I agree, my 8 yr old came home from school upsets last year when she was told she HAD to choose a job!! She’s a child ffs why should she be worried about picking a future career, I’m in my 40’s and still have no idea what I want to be when I grow up :joy::joy:

    • Laura E.

      Aww bless her! I'm 35 this year and I still don't want to be an adult

  • Toni C.

    They are children st this time they can imagine whatever they want to be when older, they will Gris out of the silly ones but they are kids

  • Jon M.

    What is a "youtuber" ????

    • Kerry G.

      Believe or not there are people making a career out of releasing videos on YouTube. They have millions of subscribers and attract massive advertising revenues.

  • Sarah T.

    My daughter went as Doctor JoJo! She wants to be a doctor/JoJo Siwa when she grows up! :see_no_evil: She looked fab and she told everyone she wants to be a doctor to help people get better and have her own business like JoJo. You get put down enough times in life without starting when they are so young, let them have dreams and dress up as whatever they like!

  • Sarah H.

    Schools have too much say in how a childs raised these days :sweat: what happened to encouraging them just as much as parents do....oh yeah the teachers are too stressed out about fucking numbers and performances set unrealistically by the government :rage: they have no time for the real stuff that matters!

    • Sharon P.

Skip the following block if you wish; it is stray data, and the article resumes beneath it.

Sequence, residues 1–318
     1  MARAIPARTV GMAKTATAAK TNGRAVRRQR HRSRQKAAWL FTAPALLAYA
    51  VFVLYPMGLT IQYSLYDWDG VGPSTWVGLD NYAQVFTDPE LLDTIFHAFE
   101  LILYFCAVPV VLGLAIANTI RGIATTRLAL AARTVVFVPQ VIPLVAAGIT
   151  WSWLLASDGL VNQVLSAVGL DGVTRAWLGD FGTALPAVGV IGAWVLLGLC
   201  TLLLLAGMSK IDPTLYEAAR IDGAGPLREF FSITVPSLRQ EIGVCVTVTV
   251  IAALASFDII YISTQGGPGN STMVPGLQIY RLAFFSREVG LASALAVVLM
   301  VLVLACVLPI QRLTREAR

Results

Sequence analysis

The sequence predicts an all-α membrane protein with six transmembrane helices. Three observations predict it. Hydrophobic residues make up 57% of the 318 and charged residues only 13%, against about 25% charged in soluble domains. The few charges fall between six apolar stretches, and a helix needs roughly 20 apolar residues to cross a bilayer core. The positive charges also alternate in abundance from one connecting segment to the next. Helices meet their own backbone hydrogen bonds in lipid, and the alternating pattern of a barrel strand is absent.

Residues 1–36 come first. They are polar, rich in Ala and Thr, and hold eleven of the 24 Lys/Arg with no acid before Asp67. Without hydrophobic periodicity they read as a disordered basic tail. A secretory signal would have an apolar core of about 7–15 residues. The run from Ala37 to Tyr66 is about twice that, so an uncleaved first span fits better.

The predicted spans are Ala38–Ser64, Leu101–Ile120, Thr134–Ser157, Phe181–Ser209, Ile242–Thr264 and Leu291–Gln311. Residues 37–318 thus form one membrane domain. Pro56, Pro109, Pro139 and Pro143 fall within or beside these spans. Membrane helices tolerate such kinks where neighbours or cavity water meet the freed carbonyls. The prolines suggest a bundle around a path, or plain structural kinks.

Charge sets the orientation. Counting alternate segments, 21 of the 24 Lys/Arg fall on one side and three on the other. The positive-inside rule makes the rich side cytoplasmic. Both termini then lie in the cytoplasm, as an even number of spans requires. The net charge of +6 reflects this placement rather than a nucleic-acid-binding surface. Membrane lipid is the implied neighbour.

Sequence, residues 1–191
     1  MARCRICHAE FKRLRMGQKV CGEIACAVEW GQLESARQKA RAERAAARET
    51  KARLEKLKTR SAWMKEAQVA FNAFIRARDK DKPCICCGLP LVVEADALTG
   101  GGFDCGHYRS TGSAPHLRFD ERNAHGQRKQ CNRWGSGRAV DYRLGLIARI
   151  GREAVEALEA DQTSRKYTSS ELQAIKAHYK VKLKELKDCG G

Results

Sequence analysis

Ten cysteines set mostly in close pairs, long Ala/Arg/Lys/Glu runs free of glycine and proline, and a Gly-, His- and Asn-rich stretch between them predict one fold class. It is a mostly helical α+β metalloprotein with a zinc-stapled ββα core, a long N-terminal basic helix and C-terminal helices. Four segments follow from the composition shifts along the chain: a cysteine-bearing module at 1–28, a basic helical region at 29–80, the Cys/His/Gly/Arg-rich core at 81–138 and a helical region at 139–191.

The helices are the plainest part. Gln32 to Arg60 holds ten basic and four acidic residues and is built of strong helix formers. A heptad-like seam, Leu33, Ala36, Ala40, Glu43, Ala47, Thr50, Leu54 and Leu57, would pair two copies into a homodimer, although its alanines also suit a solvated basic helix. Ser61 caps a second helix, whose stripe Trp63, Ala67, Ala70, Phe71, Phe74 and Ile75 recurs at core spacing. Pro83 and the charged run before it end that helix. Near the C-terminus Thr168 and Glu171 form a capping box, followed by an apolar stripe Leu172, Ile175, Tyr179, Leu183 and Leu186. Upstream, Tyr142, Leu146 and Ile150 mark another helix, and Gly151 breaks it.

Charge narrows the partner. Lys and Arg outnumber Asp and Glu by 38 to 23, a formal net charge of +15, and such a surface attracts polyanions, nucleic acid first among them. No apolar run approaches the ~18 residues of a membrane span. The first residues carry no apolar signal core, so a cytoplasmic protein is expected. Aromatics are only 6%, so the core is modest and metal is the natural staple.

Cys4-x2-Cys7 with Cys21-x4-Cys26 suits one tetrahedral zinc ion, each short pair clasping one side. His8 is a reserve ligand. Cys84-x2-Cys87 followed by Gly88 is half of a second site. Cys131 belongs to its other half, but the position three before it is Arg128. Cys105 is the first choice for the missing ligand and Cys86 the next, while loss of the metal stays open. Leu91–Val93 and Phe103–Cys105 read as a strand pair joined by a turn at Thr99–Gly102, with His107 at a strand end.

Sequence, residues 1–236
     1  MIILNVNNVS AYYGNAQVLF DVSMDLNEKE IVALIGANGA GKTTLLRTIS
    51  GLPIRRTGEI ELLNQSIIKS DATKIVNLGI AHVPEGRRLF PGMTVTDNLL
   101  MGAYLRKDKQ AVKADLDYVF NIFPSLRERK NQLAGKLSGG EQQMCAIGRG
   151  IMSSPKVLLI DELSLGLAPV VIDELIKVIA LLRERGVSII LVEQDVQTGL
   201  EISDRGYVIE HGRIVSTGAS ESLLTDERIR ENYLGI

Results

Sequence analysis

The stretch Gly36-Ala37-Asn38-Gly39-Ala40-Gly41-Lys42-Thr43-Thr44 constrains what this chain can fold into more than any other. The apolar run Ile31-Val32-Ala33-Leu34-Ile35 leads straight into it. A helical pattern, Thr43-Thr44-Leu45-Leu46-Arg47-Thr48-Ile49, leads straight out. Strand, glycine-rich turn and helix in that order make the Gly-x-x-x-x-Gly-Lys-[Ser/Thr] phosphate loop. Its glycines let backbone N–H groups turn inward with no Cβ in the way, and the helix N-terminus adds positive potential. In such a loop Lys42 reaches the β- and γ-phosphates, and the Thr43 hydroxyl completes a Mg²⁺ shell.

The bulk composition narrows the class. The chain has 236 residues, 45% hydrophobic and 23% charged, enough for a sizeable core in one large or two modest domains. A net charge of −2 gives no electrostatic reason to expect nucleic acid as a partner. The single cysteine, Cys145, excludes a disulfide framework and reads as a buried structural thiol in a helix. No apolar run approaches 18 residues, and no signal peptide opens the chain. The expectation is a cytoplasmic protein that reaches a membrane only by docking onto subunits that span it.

Agree with this. My daughter , although very clever, finds School work boring, but she’s an excellent drawer and loves writing her own stories. I was once told in parents evening that she writes too much for her School work and are getting her to write less as she gets carried away. And they also constantly tell her off as she’s different to other children. Not all children are book children. Some like art, drama, sport etc

    • Sarah H.

      Sharon Perry life skills are more important then the main subjects (they need to be in the curriculum im Not saying for a minute they dont need to be) but unless you choose to go down a specific specialist route when will you use trigonometry or algebra? You just dont! And its completely unfair on the teachers putting them under so much stress

  • Andrea N.

    I hope my son or daughter doesnt want to be a you tuber, opening toys, making slime and why do they all have annoying voices. Waste of time get a proper job

    • Emily B.

      Tell that to Ali A, he’s a millionaire :joy:

  • Claire H.

    This is the world THEY live in. If this is what they see and aspire to what do school expect? How many kids aspired to walk on the moon in years gone by? Is that “realistic”? An England footballer? “Realistic”? Pop star? Nobody ever stopped that so what harm will it do.

  • Emma B.

    They’re kids for such a short time let them be kids and have dreams before they’re older and have to live in the real world

  • Emily B.

    Dan tdm and ali a are millionaires. For playing games and making videos. If that’s what my son wants to aspire to, and succeed at, and it makes him happy, why the hell not?! I’d sooner him do something he loves than being paid a shit wage in a shit job that he hates!!